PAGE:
Y-12 Blog

Posted: Monday, May 14, 2018 - 6:16pm

From left: Glenn Pfennigwerth, Alan Moore, Morgan Smith, Lorelei Woods, and Vincent Lamberti at the 2018 CNS Fellows ColloquiumFrom left: Glenn Pfennigwerth, Alan Moore, Morgan Smith, Lorelei Woods, and Vincent Lamberti at the 2018 CNS Fellows Colloquium

CNS recently hosted its inaugural Fellows Colloquium at Y-12, and CNS President and CEO Morgan Smith called it a historic day. The forum was established to highlight CNS’s vital technical work and to honor its first four fellows for their vast technical knowledge and their abilities to mentor others.

“This is our declaration—that we are an organization that does work of tremendous scientific and technical significance for our nation, and this work requires the very best. It’s our most senior scientific and technical rank or title and connotes that we are engaged in activities that merit this level of personnel — equal to what occurs elsewhere in high-technology industries,” said Smith.

Glenn Pfennigwerth (Uranium Fellow), Alan Moore (Metallurgy), Vincent Lamberti (Y-12 Surveillance), and Lorelei Woods (Pantex Surveillance) were recognized as our strategic advisors and top mentors and were pinned by Smith. With a combined 143 years of experience, these fellows set the bar high. Each fellow presented the state of their area of expertise, and 18 other Pantex and Y-12 technical experts presented posters covering diverse areas of expertise — from explosives and advanced manufacturing to nonproliferation and lithium.

“The colloquium was vitally important to showcase the great technical work we do and to honor the individuals who are leading us into the future,” said Ashley Stowe, CNS Fellows program manager. “The excitement for staff at Pantex and Y-12 encourages me as we move forward and continue to grow an excellent technical staff. This is just the beginning, however; we are already looking forward to hosting the 2019 colloquium at Pantex.”

The colloquium featured posters covering diverse areas of expertise — from explosives and advanced manufacturing to nonproliferation and lithium.The colloquium featured posters covering diverse areas of expertise — from explosives and advanced manufacturing to nonproliferation and lithium.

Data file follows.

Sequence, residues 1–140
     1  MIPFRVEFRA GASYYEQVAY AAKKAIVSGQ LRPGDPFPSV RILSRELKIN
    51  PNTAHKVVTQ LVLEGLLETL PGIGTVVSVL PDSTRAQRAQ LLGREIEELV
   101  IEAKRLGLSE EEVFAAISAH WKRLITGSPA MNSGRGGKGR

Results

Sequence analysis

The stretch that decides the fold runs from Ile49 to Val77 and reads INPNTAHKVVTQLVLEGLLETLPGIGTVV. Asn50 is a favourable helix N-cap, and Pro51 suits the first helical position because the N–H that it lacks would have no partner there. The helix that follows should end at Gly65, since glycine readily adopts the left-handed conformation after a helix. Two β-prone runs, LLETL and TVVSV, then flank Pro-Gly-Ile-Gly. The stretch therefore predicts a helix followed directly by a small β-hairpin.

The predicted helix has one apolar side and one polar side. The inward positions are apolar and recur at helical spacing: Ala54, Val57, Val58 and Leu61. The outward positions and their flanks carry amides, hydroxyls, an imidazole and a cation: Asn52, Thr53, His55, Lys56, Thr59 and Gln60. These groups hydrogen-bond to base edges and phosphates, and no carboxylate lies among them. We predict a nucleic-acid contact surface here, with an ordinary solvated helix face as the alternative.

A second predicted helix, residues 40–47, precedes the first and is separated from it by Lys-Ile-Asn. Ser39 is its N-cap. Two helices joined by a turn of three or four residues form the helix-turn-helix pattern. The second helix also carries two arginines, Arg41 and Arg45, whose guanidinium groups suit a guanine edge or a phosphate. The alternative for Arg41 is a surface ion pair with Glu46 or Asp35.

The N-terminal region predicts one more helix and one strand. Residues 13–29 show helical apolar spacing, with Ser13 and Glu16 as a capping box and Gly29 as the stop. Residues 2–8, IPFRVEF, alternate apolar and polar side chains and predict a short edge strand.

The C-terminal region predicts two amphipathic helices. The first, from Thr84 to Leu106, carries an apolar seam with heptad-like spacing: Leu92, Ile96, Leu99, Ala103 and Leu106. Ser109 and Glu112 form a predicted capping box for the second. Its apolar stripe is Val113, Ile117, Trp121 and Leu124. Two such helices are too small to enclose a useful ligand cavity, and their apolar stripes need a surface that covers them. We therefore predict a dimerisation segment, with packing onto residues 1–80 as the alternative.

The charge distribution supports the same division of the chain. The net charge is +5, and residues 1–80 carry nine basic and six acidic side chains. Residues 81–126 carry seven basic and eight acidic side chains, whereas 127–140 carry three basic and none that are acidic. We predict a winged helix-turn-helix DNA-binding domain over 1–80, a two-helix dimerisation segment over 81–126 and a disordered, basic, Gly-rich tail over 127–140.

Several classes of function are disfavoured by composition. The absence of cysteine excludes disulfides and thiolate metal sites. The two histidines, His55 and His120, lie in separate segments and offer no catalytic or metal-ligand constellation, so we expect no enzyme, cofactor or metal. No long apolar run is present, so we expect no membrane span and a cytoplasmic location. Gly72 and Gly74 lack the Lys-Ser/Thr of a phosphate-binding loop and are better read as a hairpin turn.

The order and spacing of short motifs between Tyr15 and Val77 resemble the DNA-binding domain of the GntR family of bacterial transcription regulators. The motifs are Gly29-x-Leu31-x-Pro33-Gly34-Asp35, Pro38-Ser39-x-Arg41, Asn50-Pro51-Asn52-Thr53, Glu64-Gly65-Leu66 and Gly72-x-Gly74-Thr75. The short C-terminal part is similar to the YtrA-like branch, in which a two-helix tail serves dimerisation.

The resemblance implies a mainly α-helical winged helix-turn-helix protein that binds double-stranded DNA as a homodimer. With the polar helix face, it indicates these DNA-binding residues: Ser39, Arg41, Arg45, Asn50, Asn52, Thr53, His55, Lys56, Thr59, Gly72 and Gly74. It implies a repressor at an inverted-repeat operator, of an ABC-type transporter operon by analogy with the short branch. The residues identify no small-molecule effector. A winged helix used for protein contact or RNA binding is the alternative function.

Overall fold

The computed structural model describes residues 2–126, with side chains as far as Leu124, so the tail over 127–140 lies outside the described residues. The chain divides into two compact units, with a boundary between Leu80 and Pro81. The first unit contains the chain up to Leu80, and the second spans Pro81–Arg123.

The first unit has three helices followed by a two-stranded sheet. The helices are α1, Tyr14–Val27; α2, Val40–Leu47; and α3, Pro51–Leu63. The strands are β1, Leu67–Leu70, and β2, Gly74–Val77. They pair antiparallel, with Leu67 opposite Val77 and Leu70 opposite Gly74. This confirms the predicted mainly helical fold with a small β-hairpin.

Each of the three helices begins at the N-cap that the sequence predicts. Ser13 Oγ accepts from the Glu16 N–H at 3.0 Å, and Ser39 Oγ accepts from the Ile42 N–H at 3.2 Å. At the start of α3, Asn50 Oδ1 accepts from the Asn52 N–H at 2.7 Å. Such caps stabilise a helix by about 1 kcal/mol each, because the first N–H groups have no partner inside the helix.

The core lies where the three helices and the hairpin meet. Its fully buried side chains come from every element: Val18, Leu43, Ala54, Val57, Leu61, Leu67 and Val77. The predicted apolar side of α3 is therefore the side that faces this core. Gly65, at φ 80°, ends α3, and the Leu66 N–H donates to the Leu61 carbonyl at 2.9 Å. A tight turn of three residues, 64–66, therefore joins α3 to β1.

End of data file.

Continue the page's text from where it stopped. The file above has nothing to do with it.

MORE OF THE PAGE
Tags:
Posted: Monday, May 14, 2018 - 6:11pm

Eight machinists recently completed the four-year apprentice program, which is a partnership between Consolidated Nuclear Security and the Atomic Trades and Labor Council, with classwork provided by Pellissippi State Technical Community College.Eight machinists recently completed the four-year apprentice program, which is a partnership between Consolidated Nuclear Security and the Atomic Trades and Labor Council, with classwork provided by Pellissippi State Technical Community College.

Family, co-workers and management came out recently to congratulate the seventh group of graduates from the Y-12 Apprentice Program. The program, which was reinstated at the site in 2008, has graduated 97 Y-12 employees in various crafts, such as boilermakers, carpenters, electricians, insulators, ironworker/riggers, machinists/millwrights, painters, pipefitters, air conditioning and refrigeration mechanics, and welders. Apprentices are paired with qualified craftspeople to gain hands-on experience, and combined with required book work, they are trained to union specifications for journey worker status upon completion of the program.

The graduating class was made up of eight machinists who completed the four-year program, which is a partnership between Consolidated Nuclear Security and the Atomic Trades and Labor Council, with classwork provided by Pellissippi State Community College.